My new favorite Greek word is “apheimi.”  To be honest, it’s been my favorite Greek word for almost two years now.  I’ve had other favorite Greek words in the past, being a mathematician, but when “apheimi” came into my vocabulary a while back, it shoved all those others way down the list.  You might say I have been consumed with it.

“Apheimi” is a game-changer.  It changes the forgiveness game.

You see, there are three entities involved in every forgiveness issue.  First of all, there’s the offended person.  That’s you.  Then there’s the person who performed the offense.  That’s… well, you know who they are.  The third item is the offense itself.  And that’s where “apheimi” becomes powerful.

There are actually two Greek words translated as “forgive” in the New Testament.  It is very unfortunate – and crippling – that we only have one English word.  Conjure up every example, every synonym, every image of forgiveness that you can think of.  Where is the focus?  What is the central idea?  Does it seem complex?  Difficult?  Impossible?

Apheimi is the Greek word most often translated “forgive” in the New Testament.  It’s really two Greek words put together.  The first is “apo” and it means “away.”  The second is “heimi,” and it means “to send.”  When you put them together, it becomes “to send away.”  You might want to stop reading for a minute and digest that thought.

Think about replacing the word “forgive” with its Greek form “apheimi” (to send away).  Use it in a sentence.  It will help if you concentrate on a personal example of someone who hurt you deeply in the past, so that you can get a handle on how this can work for you.  Your sentence might look something like this:

“I forgave him.”

“I really need to forgive her.”

“God, I know You demand that I forgive them.”

What do these sentences have in common?  The direct object is always a person.  The central focus in English is always the offender.  Now, replace the word “forgive” with “send away.”

“I send him away.”

“I really need to send her away.”

“God, I know you demand that I send them away.”

Umm…  That’s not really working right, is it?  In fact, it seems to be the opposite of our English word forgive.  Although we’d probably love to “send the offender away” — to a very, very bad place —  that is clearly not what forgiveness is.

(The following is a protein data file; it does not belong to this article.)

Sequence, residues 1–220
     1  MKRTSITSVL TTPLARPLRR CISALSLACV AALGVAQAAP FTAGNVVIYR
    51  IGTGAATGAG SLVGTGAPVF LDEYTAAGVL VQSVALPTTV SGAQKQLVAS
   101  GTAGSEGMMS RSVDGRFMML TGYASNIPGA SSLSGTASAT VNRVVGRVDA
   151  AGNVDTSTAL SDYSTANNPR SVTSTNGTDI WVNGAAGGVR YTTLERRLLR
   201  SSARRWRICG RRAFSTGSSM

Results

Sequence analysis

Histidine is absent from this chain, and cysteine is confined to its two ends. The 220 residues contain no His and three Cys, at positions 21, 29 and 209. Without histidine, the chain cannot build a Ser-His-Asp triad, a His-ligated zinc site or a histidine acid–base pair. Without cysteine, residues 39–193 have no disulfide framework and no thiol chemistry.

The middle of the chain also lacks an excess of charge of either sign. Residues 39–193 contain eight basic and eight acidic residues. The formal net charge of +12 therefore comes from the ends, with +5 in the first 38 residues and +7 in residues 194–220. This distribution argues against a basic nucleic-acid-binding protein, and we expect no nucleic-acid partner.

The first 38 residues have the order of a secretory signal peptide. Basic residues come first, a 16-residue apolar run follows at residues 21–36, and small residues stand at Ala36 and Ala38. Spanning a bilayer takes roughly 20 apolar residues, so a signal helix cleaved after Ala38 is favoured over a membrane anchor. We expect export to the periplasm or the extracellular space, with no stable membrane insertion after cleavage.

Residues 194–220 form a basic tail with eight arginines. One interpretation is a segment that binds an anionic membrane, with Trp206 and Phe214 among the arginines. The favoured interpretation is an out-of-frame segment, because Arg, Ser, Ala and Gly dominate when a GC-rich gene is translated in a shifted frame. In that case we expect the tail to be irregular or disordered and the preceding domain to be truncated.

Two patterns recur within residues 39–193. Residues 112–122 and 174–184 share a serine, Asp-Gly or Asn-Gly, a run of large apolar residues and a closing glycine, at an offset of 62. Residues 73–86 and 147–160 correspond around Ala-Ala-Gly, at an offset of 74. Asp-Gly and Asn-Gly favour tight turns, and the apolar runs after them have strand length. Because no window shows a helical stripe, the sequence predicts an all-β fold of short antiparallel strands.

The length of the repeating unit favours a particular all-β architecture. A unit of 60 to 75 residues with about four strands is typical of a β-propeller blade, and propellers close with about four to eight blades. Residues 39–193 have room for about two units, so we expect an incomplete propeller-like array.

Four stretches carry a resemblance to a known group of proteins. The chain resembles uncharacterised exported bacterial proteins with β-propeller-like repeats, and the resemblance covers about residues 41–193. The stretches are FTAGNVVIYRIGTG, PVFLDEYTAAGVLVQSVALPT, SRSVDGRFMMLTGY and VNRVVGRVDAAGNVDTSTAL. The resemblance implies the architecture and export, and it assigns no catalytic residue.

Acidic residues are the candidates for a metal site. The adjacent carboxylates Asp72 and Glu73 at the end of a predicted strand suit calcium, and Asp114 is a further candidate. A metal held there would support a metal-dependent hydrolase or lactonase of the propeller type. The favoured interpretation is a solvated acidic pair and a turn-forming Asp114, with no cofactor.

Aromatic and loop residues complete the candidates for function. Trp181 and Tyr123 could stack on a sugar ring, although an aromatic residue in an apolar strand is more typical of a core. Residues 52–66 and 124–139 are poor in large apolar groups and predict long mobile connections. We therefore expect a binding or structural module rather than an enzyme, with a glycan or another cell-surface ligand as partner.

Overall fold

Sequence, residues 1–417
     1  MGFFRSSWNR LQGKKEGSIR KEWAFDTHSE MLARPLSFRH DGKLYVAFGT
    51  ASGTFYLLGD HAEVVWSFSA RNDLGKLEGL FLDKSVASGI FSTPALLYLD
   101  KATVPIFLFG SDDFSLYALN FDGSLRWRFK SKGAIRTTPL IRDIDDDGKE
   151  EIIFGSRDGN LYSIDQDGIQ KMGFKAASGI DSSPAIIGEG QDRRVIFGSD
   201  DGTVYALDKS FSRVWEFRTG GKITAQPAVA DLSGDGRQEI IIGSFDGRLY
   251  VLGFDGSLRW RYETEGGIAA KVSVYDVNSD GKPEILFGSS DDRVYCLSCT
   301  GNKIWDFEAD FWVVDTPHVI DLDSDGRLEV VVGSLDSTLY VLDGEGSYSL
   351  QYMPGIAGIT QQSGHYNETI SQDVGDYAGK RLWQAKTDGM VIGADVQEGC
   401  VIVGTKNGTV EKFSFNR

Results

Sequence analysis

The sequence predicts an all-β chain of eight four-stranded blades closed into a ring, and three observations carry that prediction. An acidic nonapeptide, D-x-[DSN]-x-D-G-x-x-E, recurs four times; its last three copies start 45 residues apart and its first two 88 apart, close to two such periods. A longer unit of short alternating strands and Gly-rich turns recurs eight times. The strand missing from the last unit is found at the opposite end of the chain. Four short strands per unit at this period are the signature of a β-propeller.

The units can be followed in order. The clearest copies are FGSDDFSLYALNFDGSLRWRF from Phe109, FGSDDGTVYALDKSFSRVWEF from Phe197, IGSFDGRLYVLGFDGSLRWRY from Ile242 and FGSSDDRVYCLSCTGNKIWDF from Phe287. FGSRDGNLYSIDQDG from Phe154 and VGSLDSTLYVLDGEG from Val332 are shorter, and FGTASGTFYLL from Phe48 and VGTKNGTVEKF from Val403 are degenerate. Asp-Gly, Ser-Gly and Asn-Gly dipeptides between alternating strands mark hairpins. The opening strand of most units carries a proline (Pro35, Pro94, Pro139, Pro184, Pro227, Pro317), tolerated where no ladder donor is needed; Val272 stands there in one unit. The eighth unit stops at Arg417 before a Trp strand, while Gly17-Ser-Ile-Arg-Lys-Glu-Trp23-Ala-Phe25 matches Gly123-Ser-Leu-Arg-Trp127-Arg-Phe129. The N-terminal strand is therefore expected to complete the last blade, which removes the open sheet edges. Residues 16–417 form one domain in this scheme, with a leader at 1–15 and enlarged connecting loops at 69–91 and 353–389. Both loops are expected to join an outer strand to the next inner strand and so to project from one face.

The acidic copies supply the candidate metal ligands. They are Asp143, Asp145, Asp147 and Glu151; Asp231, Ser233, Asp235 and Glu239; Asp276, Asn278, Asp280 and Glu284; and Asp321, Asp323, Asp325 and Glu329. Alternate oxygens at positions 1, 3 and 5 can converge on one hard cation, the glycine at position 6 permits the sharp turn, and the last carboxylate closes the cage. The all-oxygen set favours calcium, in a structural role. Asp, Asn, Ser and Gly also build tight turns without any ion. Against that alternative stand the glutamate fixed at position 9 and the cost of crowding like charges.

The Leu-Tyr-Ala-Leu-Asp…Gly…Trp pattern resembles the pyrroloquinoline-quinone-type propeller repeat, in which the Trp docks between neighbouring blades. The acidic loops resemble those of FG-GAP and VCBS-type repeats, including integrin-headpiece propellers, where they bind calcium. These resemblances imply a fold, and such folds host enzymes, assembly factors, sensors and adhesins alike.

So what could the implications of “sending away” actually be?  Let’s look at the three entities I mentioned earlier.  There’s only one other thing we could be sending away, and that’s the offense itself.  The beauty of this metaphor for forgiveness is that it only involves two of the three:  me, and the offense.  I can accomplish this without any reference to, and without any involvement with, the offender.

When I send away the offense, I deal with what the action against me has produced in me.  How has it changed me?  How has it altered my opinion of myself?  Has it altered my behavior and my thought patterns?  Has it changed the future I thought was before me?  Has it robbed me of the ability to see myself having a good life, good relationships, good health?  When I send the offense away from myself, I open myself up to the belief that life can still be good, I can still have a positive influence on my world, and God’s plans for me have not changed.  Emanuel, “God with Us,” is still with ME, no matter what has been done to me or inflicted upon me.

Perhaps this still sounds hard, even impossible, but to me it seems a whole lot more possible than reconciling with an offender that I continue to believe has ruined my whole life.  Once I have dealt with what the offense has produced in me (wrong beliefs about myself, God, or my future), then I am free to move on to deal with the offender in a way that is both wise and loving.  It may be that once I have sent away the offense, there is nothing more that needs to be done.  I may actually see the entire event differently than I did before, and this alone may be enough.

One thing that becomes much more clear after this “sending away” occurs is how to proceed as regards the offender.  Without the baggage that the offense has produced in my own heart, I can begin the search for possibilities.  Is the offender someone I want to have a relationship with?  Is the offender someone God wants me to have involved in my life?  Is the offender someone I need to place outside of my circle in ways that protect me and allow me to heal and grow?  Can a professional counselor help me work through the decisions I must make about this issue?  Are there friends who can help me sort all of this out?

These are questions that involve that other Greek word for forgiveness, and I will have more to say about it in the future.  For now, I am still celebrating the fact that forgiveness can be broken down into steps, and the first one (sending the offense away from myself) is, in my experience, very liberating.  Try it and let me know how it goes.  I will be praying for you!